Tourism Commissioner Joseph Boschulte said he is confident that the Virgin Islands is properly prepared as it reopens its doors to leisure travel on Saturday after shutting down in August due to a spike in COVID-19 cases.
“Our response to the pandemic continues to evolve,” Boschulte said in an interview Friday. “We continue to adapt in real time.”
That includes new requirements that all arrivals to the territory – whether by commercial or private plane or by boat – must upload their COVID-19 tests results to a new online screening portal within five days of travel. Previously, only those arriving from areas deemed to be “hot spots” – with a virus positivity rate of 7.5 percent or higher – were required to provide test results.
“We have continually worked on our travel portal so we have a better assessment as to who is coming in,” said Boschulte, noting that it is a “multi-agency response” by the Health Department, Government House, the Port Authority, National Guard and Tourism. The commissioner said that includes meeting six days a week “to discuss data and tweak strategies.”
Under the latest reopening plan that Gov. Albert Bryan Jr. announced on Sept. 8 in his 16th supplemental order since the pandemic began, hotels and other accommodation providers, including charter vessels, got the green light to begin accepting reservations on Sept. 12, and as of Saturday, they may admit new guests.
“But I want to remind the public we are still in the safer-at-home phase in our reopening strategy,” Bryan said in a press release on Friday. So-called non-essential businesses such as houses of worship, salons, fitness facilities, and movie theaters also may reopen, although with social distancing, occupancy and mask restrictions.
Restaurants are allowed to return to limited in-person dining, but bars and nightclubs remain shuttered and restrictions remain in place on weekend beach hours, which are closed from 4 p.m. to 6 a.m. on Saturdays, Sundays and holidays.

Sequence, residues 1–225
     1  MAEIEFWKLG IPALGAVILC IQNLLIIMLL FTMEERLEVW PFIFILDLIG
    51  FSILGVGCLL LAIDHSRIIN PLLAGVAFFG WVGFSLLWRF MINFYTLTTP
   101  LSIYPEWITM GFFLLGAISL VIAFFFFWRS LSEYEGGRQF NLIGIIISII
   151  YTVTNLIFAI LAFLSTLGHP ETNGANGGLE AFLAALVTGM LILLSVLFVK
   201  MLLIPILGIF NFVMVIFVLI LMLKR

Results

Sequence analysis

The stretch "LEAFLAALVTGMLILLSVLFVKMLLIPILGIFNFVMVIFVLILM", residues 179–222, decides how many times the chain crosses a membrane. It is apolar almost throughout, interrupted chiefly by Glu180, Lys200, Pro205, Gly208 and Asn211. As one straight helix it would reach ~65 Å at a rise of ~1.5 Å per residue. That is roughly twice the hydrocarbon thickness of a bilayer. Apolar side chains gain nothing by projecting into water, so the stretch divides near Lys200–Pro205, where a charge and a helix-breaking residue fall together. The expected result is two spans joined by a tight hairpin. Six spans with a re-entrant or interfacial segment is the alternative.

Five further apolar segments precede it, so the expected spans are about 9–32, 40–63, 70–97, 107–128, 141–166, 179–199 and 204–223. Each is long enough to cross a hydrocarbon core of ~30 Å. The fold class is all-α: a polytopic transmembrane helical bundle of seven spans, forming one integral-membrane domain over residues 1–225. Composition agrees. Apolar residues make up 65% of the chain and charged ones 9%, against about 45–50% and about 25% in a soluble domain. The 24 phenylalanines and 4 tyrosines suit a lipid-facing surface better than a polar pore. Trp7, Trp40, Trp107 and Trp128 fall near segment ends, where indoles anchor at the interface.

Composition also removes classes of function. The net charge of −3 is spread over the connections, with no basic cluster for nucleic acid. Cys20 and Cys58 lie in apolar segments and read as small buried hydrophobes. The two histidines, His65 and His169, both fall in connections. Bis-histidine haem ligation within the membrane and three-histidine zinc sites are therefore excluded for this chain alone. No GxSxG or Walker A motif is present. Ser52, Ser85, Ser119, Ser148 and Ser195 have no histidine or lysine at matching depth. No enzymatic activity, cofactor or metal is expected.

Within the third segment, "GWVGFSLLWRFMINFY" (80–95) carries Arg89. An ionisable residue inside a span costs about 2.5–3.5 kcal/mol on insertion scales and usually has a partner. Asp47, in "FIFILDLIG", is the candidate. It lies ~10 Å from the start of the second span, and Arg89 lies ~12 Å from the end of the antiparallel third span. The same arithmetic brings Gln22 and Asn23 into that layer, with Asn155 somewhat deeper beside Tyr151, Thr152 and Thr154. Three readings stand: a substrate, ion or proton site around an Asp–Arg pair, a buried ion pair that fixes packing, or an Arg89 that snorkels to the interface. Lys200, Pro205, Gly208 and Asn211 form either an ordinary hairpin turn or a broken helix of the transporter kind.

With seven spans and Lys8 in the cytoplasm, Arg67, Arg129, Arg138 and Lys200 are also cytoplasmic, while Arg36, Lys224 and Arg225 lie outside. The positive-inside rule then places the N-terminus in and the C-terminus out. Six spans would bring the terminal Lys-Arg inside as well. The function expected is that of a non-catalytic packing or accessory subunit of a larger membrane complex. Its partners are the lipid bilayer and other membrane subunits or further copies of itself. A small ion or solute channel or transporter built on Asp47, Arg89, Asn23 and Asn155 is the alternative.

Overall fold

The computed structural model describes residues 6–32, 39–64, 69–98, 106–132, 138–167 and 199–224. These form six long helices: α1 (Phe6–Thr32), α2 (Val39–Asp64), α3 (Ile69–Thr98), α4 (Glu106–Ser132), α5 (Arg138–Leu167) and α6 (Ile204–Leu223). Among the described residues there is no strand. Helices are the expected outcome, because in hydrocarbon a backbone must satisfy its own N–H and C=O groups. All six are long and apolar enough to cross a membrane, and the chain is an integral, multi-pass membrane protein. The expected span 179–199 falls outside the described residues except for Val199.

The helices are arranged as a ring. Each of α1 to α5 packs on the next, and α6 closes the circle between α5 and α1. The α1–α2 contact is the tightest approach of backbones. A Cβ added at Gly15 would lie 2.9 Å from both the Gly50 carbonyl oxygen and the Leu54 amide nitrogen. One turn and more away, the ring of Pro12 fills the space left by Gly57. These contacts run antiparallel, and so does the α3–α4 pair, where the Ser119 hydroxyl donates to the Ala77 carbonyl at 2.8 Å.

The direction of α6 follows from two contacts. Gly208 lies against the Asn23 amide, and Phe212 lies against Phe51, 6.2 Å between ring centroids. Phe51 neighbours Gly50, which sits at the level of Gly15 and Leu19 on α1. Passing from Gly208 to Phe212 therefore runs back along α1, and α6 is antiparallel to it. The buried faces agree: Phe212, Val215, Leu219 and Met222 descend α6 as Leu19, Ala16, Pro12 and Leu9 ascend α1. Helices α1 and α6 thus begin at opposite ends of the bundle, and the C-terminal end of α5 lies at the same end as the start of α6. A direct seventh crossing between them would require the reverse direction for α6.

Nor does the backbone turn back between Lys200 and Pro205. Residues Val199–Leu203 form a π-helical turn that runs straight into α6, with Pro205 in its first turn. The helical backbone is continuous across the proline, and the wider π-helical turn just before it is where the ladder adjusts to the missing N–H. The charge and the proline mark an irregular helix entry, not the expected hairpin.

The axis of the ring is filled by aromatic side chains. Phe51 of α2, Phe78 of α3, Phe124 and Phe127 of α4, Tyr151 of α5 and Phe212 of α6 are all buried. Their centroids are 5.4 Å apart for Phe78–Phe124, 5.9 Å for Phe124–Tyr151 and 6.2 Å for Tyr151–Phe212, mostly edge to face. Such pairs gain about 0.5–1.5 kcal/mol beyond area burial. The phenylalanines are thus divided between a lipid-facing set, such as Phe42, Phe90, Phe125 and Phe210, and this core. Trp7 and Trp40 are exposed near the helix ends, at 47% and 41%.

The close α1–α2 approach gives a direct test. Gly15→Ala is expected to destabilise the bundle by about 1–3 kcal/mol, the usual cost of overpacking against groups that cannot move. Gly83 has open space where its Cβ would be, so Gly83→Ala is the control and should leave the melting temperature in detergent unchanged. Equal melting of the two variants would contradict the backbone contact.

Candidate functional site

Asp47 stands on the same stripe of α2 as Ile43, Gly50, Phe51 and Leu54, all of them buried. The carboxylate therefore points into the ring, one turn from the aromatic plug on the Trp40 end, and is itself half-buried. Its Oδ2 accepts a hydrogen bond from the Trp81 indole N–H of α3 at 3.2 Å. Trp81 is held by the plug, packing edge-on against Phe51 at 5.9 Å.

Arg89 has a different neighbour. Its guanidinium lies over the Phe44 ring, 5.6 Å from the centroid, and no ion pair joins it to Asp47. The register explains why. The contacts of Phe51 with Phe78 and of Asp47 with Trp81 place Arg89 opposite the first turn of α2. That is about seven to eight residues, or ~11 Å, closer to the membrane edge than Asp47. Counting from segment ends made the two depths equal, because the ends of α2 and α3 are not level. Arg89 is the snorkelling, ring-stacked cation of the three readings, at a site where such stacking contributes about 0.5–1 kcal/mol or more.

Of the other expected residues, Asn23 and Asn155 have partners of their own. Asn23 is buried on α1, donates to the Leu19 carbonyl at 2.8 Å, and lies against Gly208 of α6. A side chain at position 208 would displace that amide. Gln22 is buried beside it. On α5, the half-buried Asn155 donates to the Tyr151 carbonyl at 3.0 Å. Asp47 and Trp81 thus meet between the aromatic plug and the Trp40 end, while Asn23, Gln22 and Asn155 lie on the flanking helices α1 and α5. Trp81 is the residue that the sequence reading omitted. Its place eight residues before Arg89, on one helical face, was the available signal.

The Virgin Islands shut down all non-essential businesses and halted leisure travel in March in response to the COVID-19 pandemic, reopening the doors on June 1, only to close them again on Aug. 17 after a spike in cases that resulted in the deaths of four residents at the Queen Louise Home for the Aged on St. Thomas. Visitation to nursing homes remains strictly prohibited, Bryan said Friday.
Boschulte said the Health Department will monitor the traveler data uploaded to the new online portal, and will continue to conduct health screenings and temperature checks at the territory’s two airports along with the National Guard.
The Health Department also recently signed a one-year contract worth $220,040 with InductiveHealth Informatics to perform contact tracing. The Atlanta-based tech company was formed in 2013 and counts the Centers for Disease Control and Prevention and the World Health Organization among its clients, according to its website.
“We are happy in one sense that we are reopening at the end of September” – typically a slow period for tourism – “to ensure the public health and safety of our residents” as well as visitors, said Boschulte.
With 90 percent of travelers to the Virgin Islands coming from the U.S. mainland, where COVID-19 restrictions differ from state to state, and even from county to county, Boschulte said educating visitors about the rules of the territory will be of the utmost importance.
“It forces us to be completely clear,” he said. “When you come to the territory, our rules apply.” That includes mandatory mask wearing in businesses and public places, social distancing and a focus on good hand hygiene and sanitization, he noted. “All in all, we’ve found most people have been willing to comply.”
Boschulte said the territory saw a busier than normal late-summer season when it opened to leisure travel on June 1 for the first time since March, and he expects the same will happen as visitors are allowed to return on Saturday.
“We are going to expect a jump,” he said, both this weekend and next. “We are projecting it to be more busy than last October. We are mindful that kids have gone back to school, but not all kids are in school,” just as many parents are working remotely, freeing them up to travel.
“The big caveat is going to be … will we see a jump in families,” since they can now work and teach virtually anywhere, said Boschulte. “That’s the piece that’s difficult to gauge.” But he said he does expect that December will see a boom as people who have been cooped up in their houses and unable to travel for most of the year take advantage of being able to visit a sunny destination that is open to U.S. travelers, unlike many places in the world that have closed their borders to Americans due to COVID-19 infection rates on the mainland.
“As we move into the next phase, I am really stressing that all of us have to follow the health regulations,” said Boschulte. “Wear the mask, avoid mass gatherings. If we are all responsible, I am confident we won’t see the same spike. It is dependent on us all that live here that we all follow the proven health regulations.”
As of Friday, the Health Department reported 49 active COVID-19 cases. To date, 18,980 individuals have been tested, with 17,440 negative results, 1,232 positives and 19 deaths. Given the fluid nature of the pandemic, the territory’s requirements may change and travelers and Virgin Islanders should monitor this website.